The Exchange directory feature is also hidden.  In Windows Mobile when you search and nothing is found, you get an immediate option to check the ‘company directory’ which is the Exchange global address list.  iPhone buries that in 3 more gestures away…it is not an integrated experience within the default contacts and is behind the Group icon on the device…then you pick the Directories section.

This area needs improvement.  Windows Mobile has a superior experience here in both performance of large contact stores and GAL integration.

Meeting Invitations/Appointments

This one is an odd one as I’ve experienced two different things and it hasn’t been consistent in my testing (even though the meeting requests are coming from the same place).  With that said, this was one area that I felt took a lot to get used to as it does not exhibit the same behavior as Windows Mobile.  In WinMo, when you receive a meeting request it is the same as in the Outlook desktop experience.  You get it in your inbox, open it up, accept/maybe/decline with an option immediately for inline comments as well.  iPhone does it a little different.  First, you get a popup notice (this can be turned off) for your ‘Invitation’ (that is what iPhone calls them):

If you click view, it takes you to the Calendar application under the Invitations section:

And once you click on the new invite (as denoted with a blue dot), you see the meeting request with the option of accepting/etc.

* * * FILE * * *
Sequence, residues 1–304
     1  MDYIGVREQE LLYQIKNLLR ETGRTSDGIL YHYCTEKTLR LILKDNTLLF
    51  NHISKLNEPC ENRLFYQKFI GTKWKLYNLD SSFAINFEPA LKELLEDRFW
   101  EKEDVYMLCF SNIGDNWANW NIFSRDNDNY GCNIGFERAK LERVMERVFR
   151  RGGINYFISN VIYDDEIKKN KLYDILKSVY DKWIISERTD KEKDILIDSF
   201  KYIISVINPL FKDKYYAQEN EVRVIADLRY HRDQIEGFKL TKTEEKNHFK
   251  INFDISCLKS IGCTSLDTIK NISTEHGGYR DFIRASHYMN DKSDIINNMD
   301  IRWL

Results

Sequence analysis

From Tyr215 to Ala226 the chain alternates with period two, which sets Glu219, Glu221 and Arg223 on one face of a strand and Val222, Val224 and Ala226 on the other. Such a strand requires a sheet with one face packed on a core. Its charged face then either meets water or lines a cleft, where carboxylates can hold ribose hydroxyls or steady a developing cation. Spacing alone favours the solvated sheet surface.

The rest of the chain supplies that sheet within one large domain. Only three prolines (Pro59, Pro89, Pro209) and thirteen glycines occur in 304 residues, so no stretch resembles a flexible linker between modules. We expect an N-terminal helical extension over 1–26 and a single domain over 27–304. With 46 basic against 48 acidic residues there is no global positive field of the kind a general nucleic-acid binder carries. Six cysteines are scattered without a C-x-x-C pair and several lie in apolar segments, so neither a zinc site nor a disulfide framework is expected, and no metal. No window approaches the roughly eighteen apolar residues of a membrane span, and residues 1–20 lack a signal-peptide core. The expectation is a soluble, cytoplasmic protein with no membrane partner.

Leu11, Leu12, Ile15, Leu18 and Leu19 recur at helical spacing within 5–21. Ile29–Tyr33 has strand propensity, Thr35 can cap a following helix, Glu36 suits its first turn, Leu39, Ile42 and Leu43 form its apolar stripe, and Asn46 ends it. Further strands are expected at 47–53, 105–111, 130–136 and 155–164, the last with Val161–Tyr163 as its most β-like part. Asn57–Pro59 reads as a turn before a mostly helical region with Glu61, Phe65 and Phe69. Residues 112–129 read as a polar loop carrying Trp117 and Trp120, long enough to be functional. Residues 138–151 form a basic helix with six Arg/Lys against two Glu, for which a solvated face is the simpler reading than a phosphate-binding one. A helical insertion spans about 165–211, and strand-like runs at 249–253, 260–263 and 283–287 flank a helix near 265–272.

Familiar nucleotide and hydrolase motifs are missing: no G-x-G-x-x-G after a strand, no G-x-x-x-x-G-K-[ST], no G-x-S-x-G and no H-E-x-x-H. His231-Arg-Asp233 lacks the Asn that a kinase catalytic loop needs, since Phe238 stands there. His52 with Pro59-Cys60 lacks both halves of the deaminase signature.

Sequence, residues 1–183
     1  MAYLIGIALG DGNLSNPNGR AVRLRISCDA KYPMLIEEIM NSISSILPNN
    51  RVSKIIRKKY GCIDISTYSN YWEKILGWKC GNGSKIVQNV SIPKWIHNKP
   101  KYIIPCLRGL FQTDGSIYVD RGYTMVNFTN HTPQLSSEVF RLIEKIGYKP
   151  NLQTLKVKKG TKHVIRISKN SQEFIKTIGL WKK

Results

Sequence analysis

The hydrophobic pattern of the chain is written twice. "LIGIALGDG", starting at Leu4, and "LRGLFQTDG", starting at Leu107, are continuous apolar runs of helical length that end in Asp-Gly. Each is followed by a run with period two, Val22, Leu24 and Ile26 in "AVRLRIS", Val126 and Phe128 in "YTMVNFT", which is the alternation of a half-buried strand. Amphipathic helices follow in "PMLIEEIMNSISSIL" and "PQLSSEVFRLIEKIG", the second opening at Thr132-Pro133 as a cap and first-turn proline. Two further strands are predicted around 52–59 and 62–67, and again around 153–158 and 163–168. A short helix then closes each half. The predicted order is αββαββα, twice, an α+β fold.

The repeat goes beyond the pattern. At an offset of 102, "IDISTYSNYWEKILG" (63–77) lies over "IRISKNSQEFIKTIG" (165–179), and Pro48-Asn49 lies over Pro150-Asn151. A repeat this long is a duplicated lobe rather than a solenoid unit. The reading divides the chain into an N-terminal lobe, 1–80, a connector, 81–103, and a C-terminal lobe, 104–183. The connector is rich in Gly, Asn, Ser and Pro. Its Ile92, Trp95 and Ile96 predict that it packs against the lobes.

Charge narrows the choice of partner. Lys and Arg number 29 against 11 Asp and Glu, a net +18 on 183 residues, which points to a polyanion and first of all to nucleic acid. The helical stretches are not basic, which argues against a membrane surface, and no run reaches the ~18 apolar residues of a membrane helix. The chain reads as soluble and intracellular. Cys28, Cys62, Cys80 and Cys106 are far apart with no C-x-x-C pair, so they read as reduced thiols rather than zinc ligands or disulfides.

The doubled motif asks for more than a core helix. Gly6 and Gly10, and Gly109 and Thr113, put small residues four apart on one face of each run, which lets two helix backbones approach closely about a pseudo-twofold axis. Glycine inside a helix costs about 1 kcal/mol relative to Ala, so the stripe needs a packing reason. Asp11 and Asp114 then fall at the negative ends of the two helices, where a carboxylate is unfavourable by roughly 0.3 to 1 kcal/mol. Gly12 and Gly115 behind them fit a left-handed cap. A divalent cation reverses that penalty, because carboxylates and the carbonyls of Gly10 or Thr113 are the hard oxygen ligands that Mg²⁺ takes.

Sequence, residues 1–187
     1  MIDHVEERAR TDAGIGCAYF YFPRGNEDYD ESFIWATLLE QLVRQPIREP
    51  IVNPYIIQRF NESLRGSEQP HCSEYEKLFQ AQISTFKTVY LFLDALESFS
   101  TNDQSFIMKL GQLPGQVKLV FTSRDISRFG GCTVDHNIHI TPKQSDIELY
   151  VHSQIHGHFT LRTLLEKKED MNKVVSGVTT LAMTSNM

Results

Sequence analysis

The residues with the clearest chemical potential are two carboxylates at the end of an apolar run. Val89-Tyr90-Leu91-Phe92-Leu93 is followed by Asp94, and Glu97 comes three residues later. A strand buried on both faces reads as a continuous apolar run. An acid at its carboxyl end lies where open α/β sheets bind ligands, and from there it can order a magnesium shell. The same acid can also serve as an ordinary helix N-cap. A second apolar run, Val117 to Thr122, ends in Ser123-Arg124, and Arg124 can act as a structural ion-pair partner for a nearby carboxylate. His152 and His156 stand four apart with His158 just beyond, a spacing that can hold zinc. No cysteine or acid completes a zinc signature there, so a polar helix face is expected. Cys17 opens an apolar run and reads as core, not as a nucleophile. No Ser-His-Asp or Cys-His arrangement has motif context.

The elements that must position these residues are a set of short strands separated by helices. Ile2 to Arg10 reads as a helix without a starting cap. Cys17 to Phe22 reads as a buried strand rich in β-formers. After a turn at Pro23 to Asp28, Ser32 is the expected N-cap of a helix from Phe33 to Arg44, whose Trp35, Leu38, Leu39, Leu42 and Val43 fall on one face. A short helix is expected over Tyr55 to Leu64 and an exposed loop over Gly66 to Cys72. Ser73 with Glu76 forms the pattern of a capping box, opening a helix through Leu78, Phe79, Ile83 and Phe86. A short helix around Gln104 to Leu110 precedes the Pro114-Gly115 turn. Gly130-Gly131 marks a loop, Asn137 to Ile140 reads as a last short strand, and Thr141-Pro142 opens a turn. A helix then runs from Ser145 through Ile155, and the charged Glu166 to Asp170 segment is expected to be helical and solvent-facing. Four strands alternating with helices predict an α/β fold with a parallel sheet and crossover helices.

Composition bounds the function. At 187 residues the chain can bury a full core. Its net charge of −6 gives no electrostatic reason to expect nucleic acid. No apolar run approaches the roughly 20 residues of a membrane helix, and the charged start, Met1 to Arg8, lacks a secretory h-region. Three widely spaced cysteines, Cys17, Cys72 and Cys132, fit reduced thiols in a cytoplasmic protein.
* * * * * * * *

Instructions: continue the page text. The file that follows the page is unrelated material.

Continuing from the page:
The problem is where is the option to provide feedback/comments on why I might decline?  The screenshot above implies that it isn’t there and gives you no indication that you can scroll down…but when you do:

Not very intuitive and not the same experience of a typical Exchange user who is used to taking action and adding comments at the time. 

The other thing that was odd for me was that if you ignored or didn’t see the popup, you’d have a much different experience in getting your appointment.  Take a look at the screenshots below.

  

On the home screen when you receive an invite you get a new notice on the calendar icon.  Hmm…that doesn’t imply ‘new meeting request’ to me as an Exchange user…it implied I have one item today.  When you click on the calendar application you go to your calendar view and if you look at the second screenshot you’ll see the lower right corner what appears to be an inbox?  Clicking on that takes you to the Invitations screen (pictured previously).  So to me, it was an odd workflow, especially given that I didn’t have an email in my inbox with the meeting request!  I thought that was odd.  My future testing, however, showed the emails starting to show up (third screenshot above).  It is pretty much what you’d expect and when clicking on the appointment link takes you to the Invitations screen (again, pictured previously above).

UPDATE: New Meeting Requests

What?!  When I create a new calendar item I cannot invite people?  Shame.  Shame.

So for me, the process coming from a world of EAS and the Outlook desktop experience was different.  I can’t say this is bad yet, but if I miss a meeting request because it isn’t in my inbox, I’ll be pissed.  No vote on this one yet…the experience is ‘different’ for now.

No EAS Feedback

WinMo has an explicit icon to go to ActiveSync.  Here you can see your settings, but more importantly view any issues that may have occurred with the last sync.  This could include conflicts, EAS status messages, connectivity issues, etc.  I see none of that in iPhone.  It gives me no feedback of if everything is operating okay or not.  Am I just to assume it is?  Here’s the config screen I expected to see it in: